Darren Quick Darren's love of technology started in primary school with a Nintendo Game & Watch Donkey Kong (still functioning) and a Commodore VIC 20 computer (not still functioning). In high school he upgraded to a 286 PC, and he's been following Moore's law ever since. This love of technology continued through a number of university courses and crappy jobs until 2008, when his interests found a home at Gizmag.   All articles by Darren Quick
22 Comments

just curious do they have rates bills in Saudi, 57000000 sqft will be a big bill???

It's so nice to see all our fuel money going to such good causes, not to mention the increases in raw material costs due to these extravagances.

When will this lunacy end?

I guess there may well be some knowledge gained that could be used in more benficial projects?

livin_the_dream
4th August, 2011 @ 12:31 am PDT

Remember when we here in the U.S. used to build things on this scale? Now we can't even replace the towers at ground zero after 10 years!

mrhuckfin
4th August, 2011 @ 04:21 am PDT

Yup, sad days for the USofA. But we can and must pull out of it! Rebuild, Retool, Re-school!

The Saudi Kingdom Tower looks kinda cool at least :)

Flint McNamara
4th August, 2011 @ 07:40 am PDT

This article begs the question "Why would anyone want to build a 'Mile-high-tower' in a world where miles are a non-standard". The world is metric. Only the US [and some other allied holdouts] recanted on the metric standard and that 25 year old decision is one factor in the demise of our economy IMO.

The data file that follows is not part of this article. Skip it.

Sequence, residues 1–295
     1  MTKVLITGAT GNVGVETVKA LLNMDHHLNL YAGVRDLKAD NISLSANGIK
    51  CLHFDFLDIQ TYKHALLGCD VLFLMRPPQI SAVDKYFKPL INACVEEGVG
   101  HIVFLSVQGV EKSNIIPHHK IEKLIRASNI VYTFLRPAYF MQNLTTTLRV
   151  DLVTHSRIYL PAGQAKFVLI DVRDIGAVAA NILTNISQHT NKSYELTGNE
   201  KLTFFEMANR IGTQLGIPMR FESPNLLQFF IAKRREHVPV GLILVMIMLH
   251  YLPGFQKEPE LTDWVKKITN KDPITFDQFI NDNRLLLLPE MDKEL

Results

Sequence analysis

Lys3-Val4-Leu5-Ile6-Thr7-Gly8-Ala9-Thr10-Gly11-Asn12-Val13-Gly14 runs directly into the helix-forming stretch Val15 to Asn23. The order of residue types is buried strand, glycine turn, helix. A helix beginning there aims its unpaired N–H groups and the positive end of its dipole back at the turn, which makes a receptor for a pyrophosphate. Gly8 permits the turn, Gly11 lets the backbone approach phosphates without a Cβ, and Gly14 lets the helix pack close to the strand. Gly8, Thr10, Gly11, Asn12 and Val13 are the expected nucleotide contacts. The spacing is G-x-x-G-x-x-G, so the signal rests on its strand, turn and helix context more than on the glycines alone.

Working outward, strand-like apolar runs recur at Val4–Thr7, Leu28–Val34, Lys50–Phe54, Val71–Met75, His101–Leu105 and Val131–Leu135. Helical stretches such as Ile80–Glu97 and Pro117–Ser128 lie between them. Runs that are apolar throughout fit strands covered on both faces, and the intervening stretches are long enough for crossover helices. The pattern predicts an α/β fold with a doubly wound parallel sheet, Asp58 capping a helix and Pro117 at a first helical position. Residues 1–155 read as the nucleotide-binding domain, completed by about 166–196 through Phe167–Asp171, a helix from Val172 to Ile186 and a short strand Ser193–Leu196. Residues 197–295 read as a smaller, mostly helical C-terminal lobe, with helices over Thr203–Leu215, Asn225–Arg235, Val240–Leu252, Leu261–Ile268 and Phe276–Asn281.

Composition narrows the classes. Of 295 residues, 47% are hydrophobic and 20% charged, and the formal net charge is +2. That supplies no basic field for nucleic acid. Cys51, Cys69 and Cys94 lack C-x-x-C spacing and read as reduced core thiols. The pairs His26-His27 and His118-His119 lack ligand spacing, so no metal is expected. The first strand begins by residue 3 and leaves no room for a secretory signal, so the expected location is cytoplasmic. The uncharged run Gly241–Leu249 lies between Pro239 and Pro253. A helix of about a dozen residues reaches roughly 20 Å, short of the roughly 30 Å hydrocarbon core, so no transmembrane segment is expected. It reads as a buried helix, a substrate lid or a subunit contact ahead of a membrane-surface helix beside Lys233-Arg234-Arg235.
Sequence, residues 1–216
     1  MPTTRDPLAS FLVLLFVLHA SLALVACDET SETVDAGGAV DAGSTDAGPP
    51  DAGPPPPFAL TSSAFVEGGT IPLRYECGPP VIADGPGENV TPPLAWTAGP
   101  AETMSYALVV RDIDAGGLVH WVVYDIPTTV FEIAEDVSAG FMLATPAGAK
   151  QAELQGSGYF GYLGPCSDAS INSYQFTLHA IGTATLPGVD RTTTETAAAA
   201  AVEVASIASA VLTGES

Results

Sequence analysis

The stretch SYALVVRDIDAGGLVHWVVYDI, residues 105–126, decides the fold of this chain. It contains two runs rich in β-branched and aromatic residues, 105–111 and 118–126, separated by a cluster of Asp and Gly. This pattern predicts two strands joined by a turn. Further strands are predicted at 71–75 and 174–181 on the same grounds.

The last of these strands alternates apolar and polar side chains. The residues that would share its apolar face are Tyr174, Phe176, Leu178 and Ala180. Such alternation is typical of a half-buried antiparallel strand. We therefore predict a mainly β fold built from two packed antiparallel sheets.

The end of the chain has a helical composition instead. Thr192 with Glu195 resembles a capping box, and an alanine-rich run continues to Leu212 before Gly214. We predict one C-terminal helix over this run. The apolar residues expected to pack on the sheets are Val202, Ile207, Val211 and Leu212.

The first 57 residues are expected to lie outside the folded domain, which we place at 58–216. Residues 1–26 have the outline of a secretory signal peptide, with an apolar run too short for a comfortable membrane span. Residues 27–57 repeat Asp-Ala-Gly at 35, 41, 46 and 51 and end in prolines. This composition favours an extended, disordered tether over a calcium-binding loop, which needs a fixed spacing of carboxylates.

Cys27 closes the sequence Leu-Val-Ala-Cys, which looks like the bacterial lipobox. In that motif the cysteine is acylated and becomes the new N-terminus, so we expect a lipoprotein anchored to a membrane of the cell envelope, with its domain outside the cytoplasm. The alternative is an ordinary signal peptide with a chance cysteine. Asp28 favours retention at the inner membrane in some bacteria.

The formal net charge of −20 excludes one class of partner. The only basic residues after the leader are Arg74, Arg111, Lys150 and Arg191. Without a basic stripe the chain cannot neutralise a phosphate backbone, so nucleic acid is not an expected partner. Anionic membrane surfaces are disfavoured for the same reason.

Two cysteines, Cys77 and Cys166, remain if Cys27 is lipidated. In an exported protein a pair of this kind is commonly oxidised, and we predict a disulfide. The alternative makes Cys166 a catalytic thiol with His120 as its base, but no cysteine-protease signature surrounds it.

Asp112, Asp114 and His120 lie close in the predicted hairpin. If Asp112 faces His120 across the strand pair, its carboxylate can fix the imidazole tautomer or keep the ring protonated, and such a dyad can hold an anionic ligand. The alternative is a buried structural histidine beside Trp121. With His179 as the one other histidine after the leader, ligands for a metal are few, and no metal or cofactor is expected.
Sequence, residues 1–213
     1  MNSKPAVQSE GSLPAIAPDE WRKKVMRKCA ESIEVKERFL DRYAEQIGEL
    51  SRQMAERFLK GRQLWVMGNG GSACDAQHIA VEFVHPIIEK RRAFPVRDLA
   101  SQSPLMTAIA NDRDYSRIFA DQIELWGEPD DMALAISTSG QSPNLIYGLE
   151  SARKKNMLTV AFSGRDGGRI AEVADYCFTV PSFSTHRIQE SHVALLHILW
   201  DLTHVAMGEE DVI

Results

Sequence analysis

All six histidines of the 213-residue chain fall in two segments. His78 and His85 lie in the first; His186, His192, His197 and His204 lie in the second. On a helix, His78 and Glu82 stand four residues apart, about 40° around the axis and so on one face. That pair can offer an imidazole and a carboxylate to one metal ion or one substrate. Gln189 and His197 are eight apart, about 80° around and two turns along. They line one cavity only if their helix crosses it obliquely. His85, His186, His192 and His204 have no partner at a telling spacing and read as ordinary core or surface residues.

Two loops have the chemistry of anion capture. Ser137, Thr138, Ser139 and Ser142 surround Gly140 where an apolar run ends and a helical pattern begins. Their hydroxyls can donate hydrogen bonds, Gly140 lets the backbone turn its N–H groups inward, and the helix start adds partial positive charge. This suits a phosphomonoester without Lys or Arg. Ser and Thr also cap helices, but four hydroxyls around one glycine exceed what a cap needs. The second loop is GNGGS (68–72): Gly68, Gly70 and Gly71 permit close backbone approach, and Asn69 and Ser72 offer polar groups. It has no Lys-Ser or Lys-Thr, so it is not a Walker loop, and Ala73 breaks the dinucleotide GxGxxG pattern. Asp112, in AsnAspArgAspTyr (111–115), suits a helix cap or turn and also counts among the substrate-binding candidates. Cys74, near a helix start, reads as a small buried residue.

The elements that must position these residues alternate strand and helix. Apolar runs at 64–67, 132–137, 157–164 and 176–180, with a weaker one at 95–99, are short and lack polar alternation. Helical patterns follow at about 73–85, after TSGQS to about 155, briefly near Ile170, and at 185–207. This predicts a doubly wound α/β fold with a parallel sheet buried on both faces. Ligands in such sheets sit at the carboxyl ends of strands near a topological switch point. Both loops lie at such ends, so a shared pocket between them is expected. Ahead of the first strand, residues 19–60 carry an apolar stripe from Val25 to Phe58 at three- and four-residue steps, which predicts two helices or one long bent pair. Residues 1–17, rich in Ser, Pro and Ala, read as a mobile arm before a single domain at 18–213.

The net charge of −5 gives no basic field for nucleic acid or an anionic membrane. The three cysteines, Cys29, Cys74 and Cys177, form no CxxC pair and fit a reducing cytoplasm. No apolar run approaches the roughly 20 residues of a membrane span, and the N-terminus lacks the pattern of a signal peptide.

Bob Kiger
4th August, 2011 @ 08:23 am PDT

Unless they have multiple pumping stations, the plumbing will require pressures over 1400 pounds per square inch if they need water at the top. But maybe they can use circulating water or other liquid to cool the lower levels using the cooler weather a kilometer up. The temperature is likely almost 10 degrees C cooler at the top.

Brillig
4th August, 2011 @ 08:24 am PDT

mrhuckfin : That is because we are broke silly.... Bankrupt! If we could not just print paper.. if we could not just say... poofffff our credit limit is higher, so now we can sell off more of our country... we would simply stop functioning.

Its our ability to borrow cash from other countries that keeps us going; not our own economy.. OUR economy if you cut off outside funding would not sustain the country even for a month.

Jeff Williams
4th August, 2011 @ 08:48 am PDT

Jeff: It's funny, but our economy was self sustaining 10 years ago before we got involved in a war with SA's neighbor and "lowered our taxes" (yet somehow my taxes are still about the same). Now, apparently, they are spending their money on this instead of helping their neighbors, or making investments in their country as a whole.

The Saudi's hope that this will attract other development, but it will bankrupt them like the extravagance in Dubai, and somehow, I don't think businesses will be lining up to work in a country where woman still can't drive. If this building reaches completion it will likely sit mostly empty, a sad shadow of another country where self importance overcame good sense. While I am not religious, I do find it ironic just how much this exemplifies the passage about building your house on solid rock instead of sand.

Charles Bosse